Progressive web application vs Single page application in AEM

Accepted Solutions (1)

Accepted Solutions (1)


A PWA is almost always a SPA.

SPA, a Single Page Application, means that the web-page has not been developed in the traditional way. The browser is not sending a request to load the whole new page when user clicks a link, but instead uses JavaScript to manipulate current page and making it look like the user has navigated away. They are typically developed using a framework such as Angular or a library such as React.

PWA, a Progressive Web Application, is a term coined by Google recently, and it’s more of a mindset than a technique. It doesn’t have a specific definition and different people mean different things when they say PWA. The most commonly referred feature, though, is usage of service workers which makes it possible for the application to be available offline. However, it doesn’t stop there: you also need to use HTTP, make the user experience smooth on mobile, work cross-browser, enable SSR, etc. Check out Google’s PWA checklist for more. A Single Page Application (SPA) can be a Progressive Web App (PWA) but a PWA doesn't need to be a SPA. They are two different things. A PWA as defined by Google is:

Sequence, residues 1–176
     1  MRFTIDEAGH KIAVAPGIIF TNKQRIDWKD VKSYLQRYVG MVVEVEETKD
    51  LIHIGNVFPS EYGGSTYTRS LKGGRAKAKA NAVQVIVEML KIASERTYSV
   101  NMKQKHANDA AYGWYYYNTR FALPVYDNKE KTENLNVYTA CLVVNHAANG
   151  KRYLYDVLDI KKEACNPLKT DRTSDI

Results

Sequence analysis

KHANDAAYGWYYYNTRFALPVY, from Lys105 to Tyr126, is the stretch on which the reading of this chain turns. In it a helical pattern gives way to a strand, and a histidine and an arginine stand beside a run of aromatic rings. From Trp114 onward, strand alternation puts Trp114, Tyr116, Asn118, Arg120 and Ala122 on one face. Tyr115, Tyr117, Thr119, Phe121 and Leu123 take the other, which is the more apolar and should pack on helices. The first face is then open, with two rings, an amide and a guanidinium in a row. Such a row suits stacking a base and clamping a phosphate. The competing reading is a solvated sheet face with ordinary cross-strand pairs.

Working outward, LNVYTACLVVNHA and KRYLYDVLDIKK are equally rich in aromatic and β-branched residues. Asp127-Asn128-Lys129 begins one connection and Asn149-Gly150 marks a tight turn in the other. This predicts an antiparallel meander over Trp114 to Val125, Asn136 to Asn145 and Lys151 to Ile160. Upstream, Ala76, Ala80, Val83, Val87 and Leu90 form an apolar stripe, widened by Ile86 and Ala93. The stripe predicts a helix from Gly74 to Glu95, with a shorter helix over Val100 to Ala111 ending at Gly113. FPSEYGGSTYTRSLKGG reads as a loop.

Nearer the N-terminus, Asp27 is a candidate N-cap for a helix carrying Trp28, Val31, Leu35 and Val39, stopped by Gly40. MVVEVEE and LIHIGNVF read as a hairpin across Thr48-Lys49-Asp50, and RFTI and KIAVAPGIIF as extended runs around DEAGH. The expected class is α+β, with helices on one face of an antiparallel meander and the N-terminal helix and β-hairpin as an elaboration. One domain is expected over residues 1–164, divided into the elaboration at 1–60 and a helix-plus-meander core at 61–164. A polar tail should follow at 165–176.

Reliable - Load instantly and never show the downasaur, even in uncertain network conditions.

Fast - Respond quickly to user interactions with silky smooth animations and no janky scrolling.

Engaging - Feel like a natural app on the device, with an immersive user experience.

The Google PWA site is a good place to start learning about PWA and why and how you would build one.

Properly combining the principles of PWA and SPA can result in a much improved user experience especially on mobile phones with unreliable internet connections.

Probably the best example today of a well implemented PWA is Twitter Lite. Check it out here:

...and read about it here:

Neither is “better”. PWA definitely offers more features, but it also requires much more time spent during development.